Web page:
All proprietary. So each one of them may do it differently. Some of them will pay in network rates. Some of them pay less than, much less than that, you know, they’ll pay, you know, and each contract, if you go pull your own insurance contract and read what it is they’re going to pay on out of network benefits, like mine is a huge penalty. They’ll pay like 25% of bill charges on how to network. And that leaves me responsible for 70%. So that’s why it becomes so difficult is because that’s actually done at the company level of who buys your insurance. So your employer actually makes that decision for you. And as a patient, you don’t realize what that really means until after the care is delivered, which is why they call it a surprise.
And so the patient gets that $1,200 check and they think, Hey, this is great. A lot of stuff just happened. Paperwork flying all over the place. I don’t really understand, but I got 1200 bucks that feels like a win. But in reality, that $1,200 is probably a 25% reimbursement for $4,800 anesthesia charge that they’re now on the hook for.
Devona Slater (42:39):
Correct. And so then you’ll negotiate with the patient and some groups will take what the insurance company pays, which is again, a violation you know, it’s a compliance risk to do what we call insurance only and accept what the insurance pays as payment in full. You know, so that’s a totally different call, but you do have to balance bill the patient for that. And it doesn’t look real good to your surgeon or to your hospital. Then when they get a complaint from the patient that anesthesia is charging these exorbitant rates, you know, outside of this, and I didn’t have any control over it.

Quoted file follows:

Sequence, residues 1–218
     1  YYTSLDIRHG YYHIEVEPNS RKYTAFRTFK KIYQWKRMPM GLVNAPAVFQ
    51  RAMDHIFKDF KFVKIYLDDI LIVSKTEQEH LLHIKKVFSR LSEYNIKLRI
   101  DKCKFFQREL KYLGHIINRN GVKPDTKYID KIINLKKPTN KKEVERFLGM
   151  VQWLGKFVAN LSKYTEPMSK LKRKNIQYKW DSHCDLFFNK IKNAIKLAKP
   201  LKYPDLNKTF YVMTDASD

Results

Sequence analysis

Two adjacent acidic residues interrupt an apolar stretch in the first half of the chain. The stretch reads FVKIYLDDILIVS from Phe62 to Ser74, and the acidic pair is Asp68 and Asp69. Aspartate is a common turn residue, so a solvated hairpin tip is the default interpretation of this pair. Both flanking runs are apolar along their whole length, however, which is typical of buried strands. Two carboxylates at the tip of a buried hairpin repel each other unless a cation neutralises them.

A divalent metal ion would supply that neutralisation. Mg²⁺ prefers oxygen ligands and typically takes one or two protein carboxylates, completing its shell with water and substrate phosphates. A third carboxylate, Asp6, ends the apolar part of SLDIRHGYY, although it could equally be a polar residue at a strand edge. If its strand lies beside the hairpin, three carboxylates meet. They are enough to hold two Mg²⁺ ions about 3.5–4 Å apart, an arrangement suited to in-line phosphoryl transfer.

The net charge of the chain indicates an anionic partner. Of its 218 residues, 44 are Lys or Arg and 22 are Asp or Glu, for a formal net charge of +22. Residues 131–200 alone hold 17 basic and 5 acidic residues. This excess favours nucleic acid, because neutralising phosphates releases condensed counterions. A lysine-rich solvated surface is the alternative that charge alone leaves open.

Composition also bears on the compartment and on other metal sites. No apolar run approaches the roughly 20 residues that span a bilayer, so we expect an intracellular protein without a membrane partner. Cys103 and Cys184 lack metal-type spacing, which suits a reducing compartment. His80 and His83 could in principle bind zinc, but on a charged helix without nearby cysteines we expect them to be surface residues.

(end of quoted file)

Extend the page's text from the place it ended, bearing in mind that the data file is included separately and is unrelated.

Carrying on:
So I think we’re coming up on time here. And I want to wrap this up. Are there any other parts of this ecosystem or any other relationships between any of these parties that it’s helpful to understand or unpack in the context of understanding how anesthesia billing works
Devona Slater (43:32):
Well? And I do think that depending on how your contract’s written with your RCM company or your own in-house managing those costs is important. And you know, most billing companies are incentivized to collect. They get a percentage of those collections, so they are incentivized to collect, but a lot of them, you know, they’ll take the easy money and the ones that get paid, but it costs so much now on the back end to actually fight those appeals and stuff that if you’re paying a very low rate, they’re really figuring that they can get, you know, paid on the 80%. They can make it and make money at 80% of your revenue. And they figured that in when they give you a 2% or 3% billing rate, because you can’t fight those claims without personnel and people and things like that. So remember, you know, if you’ve got this great rate, you may be losing revenue for that because you don’t the personnel to fight it. So it’s kind of a Peter to pay Paul, do you, you spend a hundred dollars to get a thousand dollars. Are you really happy with $80? You know?
Yeah. Wow. Okay. Well let’s wrap it up there and I want to continue this conversation in subsequent episodes, but Devona, it’s been great speaking with you today. Anybody who wants to check out their website, it’s ACE anesthesia pain.com is [inaudible] consulting company. If any of this has piqued your interest, you want to talk to her about auditing your own billing and compliance processes, or learn more about some of their expertise would encourage you to check that out. Devon, thank you very much for your time today. I look forward to continuing this conversation soon.
Devona Slater (45:12):
Thanks so much.